27.03.2015
13:39

Charles Dickens Museum

Address:

48 Doughty Street, WC1N 2LX

Phone:

020-7405 2127

Website:

www.dickensmuseum.com

Opening times:

Mon–Sun 10:00–17:00

How to get there:

Tube: Russell Square

Entry fee:

Admission charge

Additional information:

Limited disabled access, shop

The novelist Charles Dickens (1812–70), his wife Catherine and their infant son Charles, came to live at this late 18th-century house in March 1837, and stayed until the end of 1839. Here, two daughters, Mary and Kate, were added to the family, and Dickens established his fame as a writer with the publication of Pickwick Papers, Oliver Twist and Nicholas Nickleby. The house, saved from demolition by the Dickens Fellowship in 1922, is a place of pilgrimage, and holds an enormous collection of Dickens memorabilia, including portraits of the novelist, his family and friends, personal relics, for example his snuff-box and cigar-cutter, autograph letters and manuscripts, and a comprehensive Dickens library. The clutter of a literary shrine does not entirely destroy the atmosphere of the family house it once was.

The Dining Room on the ground floor was where Dickens held the dinner parties in which he delighted. It contains a Spanish mahogany sideboard, which Dickens bought in 1839, and the grandfather clock which belonged to Moses Pickwick, a coach proprietor of Bath, whose name Dickens took for his famous character. Throughout the house are items of furniture from Gad’s Hill Place, Rochester, Dickens’ last home, including the Hall clock and, on the first floor, in the Study, the desk which he used at the end of his life. It was in this room that Pickwick Papers was completed and Oliver Twist and Nicholas Nickleby written, and the table is the one at which he was writing The Mystery of Edwin Drood the day before he died. The museum also has Millais’ drawing of Dickens on his deathbed, Dickens’ china monkey (which accompanied him wherever he went), the Goldbeater’s Arm sign from 2 Manette Street, Soho, mentioned in A Tale of Two Cities, and the velvet-covered reading desk designed by Dickens and used by him for his public readings on his extensive tours of England and America.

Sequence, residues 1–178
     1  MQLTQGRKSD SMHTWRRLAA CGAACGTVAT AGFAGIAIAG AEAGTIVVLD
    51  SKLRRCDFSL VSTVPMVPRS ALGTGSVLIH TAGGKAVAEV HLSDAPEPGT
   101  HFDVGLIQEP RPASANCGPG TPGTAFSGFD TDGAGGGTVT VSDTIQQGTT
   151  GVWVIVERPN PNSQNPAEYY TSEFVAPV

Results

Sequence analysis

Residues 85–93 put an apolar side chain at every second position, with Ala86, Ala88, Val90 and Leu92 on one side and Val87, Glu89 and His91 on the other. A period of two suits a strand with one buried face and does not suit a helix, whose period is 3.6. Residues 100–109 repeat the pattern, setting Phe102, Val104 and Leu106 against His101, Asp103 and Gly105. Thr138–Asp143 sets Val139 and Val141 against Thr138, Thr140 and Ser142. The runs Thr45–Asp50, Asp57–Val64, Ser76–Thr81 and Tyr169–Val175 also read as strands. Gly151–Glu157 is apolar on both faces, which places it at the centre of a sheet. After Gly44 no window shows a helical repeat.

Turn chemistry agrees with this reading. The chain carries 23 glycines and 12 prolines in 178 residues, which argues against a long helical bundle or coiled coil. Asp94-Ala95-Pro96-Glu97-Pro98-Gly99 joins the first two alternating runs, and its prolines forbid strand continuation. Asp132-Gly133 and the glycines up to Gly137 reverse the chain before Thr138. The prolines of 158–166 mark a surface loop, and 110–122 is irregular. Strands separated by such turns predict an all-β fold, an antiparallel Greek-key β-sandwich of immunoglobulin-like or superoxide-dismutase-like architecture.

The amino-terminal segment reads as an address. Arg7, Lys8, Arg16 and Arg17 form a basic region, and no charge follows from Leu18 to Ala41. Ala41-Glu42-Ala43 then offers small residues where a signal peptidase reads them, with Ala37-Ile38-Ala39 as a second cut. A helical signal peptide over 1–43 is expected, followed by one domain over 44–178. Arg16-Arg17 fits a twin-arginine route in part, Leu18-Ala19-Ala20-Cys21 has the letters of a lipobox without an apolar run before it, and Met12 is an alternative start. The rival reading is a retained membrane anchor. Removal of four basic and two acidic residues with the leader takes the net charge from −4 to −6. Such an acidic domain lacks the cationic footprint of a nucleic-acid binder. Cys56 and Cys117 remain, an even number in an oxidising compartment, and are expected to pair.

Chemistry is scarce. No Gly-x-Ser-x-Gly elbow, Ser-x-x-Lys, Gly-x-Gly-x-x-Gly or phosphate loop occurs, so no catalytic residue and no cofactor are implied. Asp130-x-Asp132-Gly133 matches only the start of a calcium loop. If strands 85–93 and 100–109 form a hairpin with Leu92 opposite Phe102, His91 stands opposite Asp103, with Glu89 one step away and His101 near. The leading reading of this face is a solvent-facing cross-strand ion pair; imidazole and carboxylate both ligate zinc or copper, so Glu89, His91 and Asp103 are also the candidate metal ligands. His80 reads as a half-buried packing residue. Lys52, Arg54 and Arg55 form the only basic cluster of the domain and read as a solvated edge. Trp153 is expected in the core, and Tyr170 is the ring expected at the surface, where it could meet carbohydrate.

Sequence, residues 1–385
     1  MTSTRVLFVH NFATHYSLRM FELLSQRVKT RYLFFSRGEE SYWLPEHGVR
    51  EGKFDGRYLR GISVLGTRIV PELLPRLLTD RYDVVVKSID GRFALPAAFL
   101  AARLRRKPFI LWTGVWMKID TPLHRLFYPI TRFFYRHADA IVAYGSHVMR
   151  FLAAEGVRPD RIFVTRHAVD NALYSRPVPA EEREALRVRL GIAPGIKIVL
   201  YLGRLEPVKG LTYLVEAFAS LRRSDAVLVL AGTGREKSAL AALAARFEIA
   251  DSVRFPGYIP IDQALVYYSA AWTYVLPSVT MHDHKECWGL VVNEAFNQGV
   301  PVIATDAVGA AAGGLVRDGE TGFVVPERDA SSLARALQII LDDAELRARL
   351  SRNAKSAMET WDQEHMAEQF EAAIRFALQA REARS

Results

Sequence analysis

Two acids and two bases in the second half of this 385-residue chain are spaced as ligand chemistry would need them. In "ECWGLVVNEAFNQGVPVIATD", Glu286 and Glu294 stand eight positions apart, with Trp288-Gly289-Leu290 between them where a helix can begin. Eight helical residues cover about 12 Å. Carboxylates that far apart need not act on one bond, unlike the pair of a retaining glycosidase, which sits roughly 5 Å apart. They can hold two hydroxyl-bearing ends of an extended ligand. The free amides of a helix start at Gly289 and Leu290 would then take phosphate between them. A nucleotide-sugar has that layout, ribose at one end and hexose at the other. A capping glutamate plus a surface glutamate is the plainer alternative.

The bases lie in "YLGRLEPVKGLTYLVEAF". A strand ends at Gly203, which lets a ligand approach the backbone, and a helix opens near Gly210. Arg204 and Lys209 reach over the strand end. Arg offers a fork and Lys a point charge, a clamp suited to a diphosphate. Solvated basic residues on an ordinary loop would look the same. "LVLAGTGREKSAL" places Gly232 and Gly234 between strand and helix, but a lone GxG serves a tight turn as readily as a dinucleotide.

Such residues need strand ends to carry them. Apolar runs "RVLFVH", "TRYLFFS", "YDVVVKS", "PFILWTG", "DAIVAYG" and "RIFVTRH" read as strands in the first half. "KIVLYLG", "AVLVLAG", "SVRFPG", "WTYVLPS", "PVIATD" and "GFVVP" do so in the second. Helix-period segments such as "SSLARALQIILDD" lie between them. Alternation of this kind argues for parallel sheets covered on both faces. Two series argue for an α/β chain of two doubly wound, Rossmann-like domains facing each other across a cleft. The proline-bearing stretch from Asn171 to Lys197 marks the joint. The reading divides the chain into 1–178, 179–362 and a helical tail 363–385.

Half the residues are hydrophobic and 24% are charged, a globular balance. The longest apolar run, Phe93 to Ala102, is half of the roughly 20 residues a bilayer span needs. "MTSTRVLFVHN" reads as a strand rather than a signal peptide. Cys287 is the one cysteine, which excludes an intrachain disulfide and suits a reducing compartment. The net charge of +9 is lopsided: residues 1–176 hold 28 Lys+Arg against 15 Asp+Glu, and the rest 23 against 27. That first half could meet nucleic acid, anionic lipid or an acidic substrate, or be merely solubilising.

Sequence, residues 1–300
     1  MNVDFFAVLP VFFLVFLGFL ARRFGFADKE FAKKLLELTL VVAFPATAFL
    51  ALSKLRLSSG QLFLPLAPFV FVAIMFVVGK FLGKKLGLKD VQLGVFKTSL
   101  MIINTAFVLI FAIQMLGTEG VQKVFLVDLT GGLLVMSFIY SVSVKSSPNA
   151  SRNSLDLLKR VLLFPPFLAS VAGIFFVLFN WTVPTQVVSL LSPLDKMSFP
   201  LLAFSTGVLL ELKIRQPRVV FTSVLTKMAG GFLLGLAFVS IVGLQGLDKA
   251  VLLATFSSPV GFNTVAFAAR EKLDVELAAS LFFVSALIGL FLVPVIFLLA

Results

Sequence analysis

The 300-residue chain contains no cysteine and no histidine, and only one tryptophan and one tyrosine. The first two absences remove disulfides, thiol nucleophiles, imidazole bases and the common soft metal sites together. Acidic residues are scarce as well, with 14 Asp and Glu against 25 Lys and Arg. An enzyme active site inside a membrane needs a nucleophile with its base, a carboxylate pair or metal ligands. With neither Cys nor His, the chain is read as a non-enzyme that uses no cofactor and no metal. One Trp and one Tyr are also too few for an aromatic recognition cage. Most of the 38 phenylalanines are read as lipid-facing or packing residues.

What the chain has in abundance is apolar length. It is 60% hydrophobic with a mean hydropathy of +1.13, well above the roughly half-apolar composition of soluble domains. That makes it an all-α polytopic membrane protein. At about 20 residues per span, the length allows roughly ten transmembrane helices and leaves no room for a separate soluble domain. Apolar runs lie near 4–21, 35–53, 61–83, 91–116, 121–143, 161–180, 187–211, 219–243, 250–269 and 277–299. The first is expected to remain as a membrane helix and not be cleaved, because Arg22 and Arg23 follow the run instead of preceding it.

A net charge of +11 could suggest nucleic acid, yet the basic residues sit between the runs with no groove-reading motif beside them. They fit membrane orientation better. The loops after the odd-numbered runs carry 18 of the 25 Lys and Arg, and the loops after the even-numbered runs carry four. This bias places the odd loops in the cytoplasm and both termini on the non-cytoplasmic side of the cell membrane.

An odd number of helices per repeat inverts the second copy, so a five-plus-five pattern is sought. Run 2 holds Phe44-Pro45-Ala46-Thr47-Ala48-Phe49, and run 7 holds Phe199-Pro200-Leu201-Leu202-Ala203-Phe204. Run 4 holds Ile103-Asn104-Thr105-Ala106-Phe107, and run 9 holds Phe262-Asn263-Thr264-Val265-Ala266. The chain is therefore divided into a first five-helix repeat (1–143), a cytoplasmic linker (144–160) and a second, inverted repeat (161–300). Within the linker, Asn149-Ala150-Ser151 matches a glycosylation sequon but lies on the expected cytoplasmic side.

The Drawing Room is decorated and arranged as it would have been in Dickens’ day, and on the second floor is the bedroom of his beloved sister-in-law, Mary Hogarth, who died here on 7th May 1837, aged seventeen. The basement contains the still room, wash house and wine cellar and also the Library of Dickens’ work which also shows a video of Dickens’ life and career.

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MUSEUMS & GALLERIES OF LONDON

Details below are taken from our Blue Guide Museums and Galleries of London.  This is a 2005 title, here generally updated for website address and opening times, with useful comments from some of the museums themselves.  More recent information is given in Emily Barber's magisterial new Blue Guide London, "Exceptional update to a classic and useful guide to this amazing city" (Amazon reader review).

FULL LISTING of CURRENT EXHIBITIONS in London from Apollo Magazine »

Emily Barber recommends five major London museums »

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